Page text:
tlhIngan-Hol Archive: Tue Nov 24 17:10:12 2009

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Re: pu'jIn

Christopher Doty (

> Okay, let's make everything work better by talking about the person
> rather than the science. A {pu'jIn chenmoHwI'} is a person who makes
> diagrams of places or things. So a {qach pu'jIn chenmoHwI'}, is a
> building that makes diagrams of places or things. :)

No, it's not.  In N-N constructions, there is genitive.  This is:

qach-GEN pu'jIn-GEN chenmoHwI'
"building's plan's maker"

> No, we have to reorganize the way we parse these nouns. It's not about a
> kind of {pu'jIn chenmoHwI'}, it's about the maker of {qach pu'jIn}. That
> makes more sense.
> Loading up on nouns in a noun phrase may make logical sense, but it's
> often difficult to parse.

I'll probably get in trouble for this, but it is difficult to parse
for English speakers because we have two genitive constructions, and
we do our best to keep them separate.  Thus, we say "the maker of the
building's plans" instead of "the building's plan's maker," and "the
front of the ship's nacelle" instead of "the ship's nacelle's front."
But in most languages, you only get one, and so it's fine to pile them
up.  More importantly, it means exactly the same thing. I KNOW this
seems weird, but it is just how you do it.  I can remember being in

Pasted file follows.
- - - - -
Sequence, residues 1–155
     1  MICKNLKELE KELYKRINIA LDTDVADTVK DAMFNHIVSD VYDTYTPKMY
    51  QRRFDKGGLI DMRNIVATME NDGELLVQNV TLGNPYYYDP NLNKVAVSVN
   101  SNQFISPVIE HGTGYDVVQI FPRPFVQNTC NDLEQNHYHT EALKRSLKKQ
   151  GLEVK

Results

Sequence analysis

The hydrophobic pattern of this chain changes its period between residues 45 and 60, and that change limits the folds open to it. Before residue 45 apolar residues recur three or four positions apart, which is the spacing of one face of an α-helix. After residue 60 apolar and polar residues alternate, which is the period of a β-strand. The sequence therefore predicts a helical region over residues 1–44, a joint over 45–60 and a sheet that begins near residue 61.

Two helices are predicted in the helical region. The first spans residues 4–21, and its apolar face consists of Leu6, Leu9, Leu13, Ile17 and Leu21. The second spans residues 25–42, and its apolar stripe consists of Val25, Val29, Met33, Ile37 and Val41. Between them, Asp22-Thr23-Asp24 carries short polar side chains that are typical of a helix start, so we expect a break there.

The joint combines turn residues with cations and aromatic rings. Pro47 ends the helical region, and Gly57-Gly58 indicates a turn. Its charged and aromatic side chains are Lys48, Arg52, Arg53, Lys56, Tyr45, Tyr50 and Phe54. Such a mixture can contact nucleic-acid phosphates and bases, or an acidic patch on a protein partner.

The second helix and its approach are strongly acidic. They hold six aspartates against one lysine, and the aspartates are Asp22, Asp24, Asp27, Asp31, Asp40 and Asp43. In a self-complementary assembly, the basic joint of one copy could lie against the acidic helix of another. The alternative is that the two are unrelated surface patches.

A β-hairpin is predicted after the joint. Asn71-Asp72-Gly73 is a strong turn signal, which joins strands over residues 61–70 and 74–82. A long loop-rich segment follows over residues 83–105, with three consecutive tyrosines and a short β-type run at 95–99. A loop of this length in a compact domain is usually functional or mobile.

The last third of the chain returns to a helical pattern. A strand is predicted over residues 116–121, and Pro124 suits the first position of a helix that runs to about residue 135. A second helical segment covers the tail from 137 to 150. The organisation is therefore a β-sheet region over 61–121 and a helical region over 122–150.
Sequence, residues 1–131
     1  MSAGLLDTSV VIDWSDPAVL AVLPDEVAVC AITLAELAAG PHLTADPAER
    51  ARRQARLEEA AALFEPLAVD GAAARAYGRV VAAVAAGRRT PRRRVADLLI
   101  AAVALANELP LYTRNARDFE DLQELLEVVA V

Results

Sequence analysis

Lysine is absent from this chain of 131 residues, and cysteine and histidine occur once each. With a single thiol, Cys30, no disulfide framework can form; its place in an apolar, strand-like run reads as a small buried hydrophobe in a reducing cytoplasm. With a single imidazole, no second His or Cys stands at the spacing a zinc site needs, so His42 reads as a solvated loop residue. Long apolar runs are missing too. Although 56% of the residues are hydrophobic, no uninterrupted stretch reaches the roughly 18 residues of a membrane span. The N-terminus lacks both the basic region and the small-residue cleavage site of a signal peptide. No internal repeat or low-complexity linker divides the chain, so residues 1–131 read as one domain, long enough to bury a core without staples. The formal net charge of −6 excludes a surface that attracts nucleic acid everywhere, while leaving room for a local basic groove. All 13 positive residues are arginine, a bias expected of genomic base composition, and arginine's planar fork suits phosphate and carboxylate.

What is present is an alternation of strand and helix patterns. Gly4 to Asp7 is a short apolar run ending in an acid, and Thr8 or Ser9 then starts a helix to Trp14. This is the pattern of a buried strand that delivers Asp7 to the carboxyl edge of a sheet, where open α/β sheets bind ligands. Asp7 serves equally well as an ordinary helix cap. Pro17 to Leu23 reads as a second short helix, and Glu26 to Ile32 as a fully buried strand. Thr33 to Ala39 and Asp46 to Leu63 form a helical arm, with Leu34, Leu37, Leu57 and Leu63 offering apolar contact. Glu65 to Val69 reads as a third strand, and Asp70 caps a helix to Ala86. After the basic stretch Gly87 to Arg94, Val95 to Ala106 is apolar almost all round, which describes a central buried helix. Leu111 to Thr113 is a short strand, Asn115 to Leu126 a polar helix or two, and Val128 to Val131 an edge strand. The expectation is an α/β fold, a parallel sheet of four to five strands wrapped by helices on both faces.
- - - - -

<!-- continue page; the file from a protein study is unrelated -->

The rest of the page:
Finland and being TOTALLY SHOCKED that the name of the city was,
literally, "Tampere's City" instead of "City of Tampere" because they
MEAN DIFFERENT THINGS.  They don't, of course, English is just
especially weird in this regard.

As far as I can tell, any time you have two nouns right next to each
other, there is always a genitive relationship between them (even when
they are compounds: HolQeD is "the science of language" or "language's
science").  So the only way to read the above is "building's plan's

> A noun–noun construction is formed as {X Y}, not {XY}. There is a space
> between the nouns; they are separate words. A compound noun is a single
> word.
> What you said *is* a perfectly valid noun–noun construction when {QeD}
> is its own word.

I assumed from the rest of your discussion that this issue of
noun-noun versus compound was about about the long first bit of that;
I had no idea whatsoever that you were taking issue with my writing
QeD as a compound. I'm fine with that being spaced out.

> So yes, you can string nouns together at will as separate nouns in
> noun–noun constructions, but you cannot form compound nouns at will;
> those must come from dictionaries.
>>> Easy there, buddy! I'm on your side.
>> Well, sorry, then.  I've gotten rather used to being attacked on here,
>> so I just assumed that you were doing the same.  Again, apologies.
> meqlIj vIyaj 'ej vIpIHpu'. qay'be'.
> --
> SuStel
> tlhIngan Hol MUSH

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